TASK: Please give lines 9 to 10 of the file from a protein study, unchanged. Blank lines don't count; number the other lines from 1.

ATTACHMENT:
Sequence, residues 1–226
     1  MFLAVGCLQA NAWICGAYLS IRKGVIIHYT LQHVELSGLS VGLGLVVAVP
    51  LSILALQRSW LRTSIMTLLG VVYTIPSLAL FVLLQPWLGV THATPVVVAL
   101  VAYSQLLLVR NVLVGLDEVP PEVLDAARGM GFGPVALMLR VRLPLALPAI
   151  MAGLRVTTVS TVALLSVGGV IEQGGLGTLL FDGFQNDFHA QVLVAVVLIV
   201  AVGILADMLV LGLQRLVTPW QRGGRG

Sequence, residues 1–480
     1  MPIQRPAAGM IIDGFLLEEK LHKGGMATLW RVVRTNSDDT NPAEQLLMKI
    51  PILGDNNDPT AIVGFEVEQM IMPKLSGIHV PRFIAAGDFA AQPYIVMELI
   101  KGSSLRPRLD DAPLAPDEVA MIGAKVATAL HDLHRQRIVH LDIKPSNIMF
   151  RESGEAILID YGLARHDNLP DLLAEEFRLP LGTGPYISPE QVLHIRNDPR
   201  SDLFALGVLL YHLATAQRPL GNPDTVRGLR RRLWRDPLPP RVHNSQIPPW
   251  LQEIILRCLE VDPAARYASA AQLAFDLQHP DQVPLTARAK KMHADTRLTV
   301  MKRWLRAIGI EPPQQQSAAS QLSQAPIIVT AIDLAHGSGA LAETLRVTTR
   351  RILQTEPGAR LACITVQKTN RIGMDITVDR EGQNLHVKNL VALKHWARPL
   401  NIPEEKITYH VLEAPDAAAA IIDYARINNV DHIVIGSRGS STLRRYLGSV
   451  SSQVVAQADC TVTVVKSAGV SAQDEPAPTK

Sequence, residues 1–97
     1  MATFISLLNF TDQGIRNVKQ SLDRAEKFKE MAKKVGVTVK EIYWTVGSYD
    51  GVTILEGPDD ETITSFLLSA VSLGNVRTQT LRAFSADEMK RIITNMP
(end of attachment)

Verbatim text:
    51  PILGDNNDPT AIVGFEVEQM IMPKLSGIHV PRFIAAGDFA AQPYIVMELI
   101  KGSSLRPRLD DAPLAPDEVA MIGAKVATAL HDLHRQRIVH LDIKPSNIMF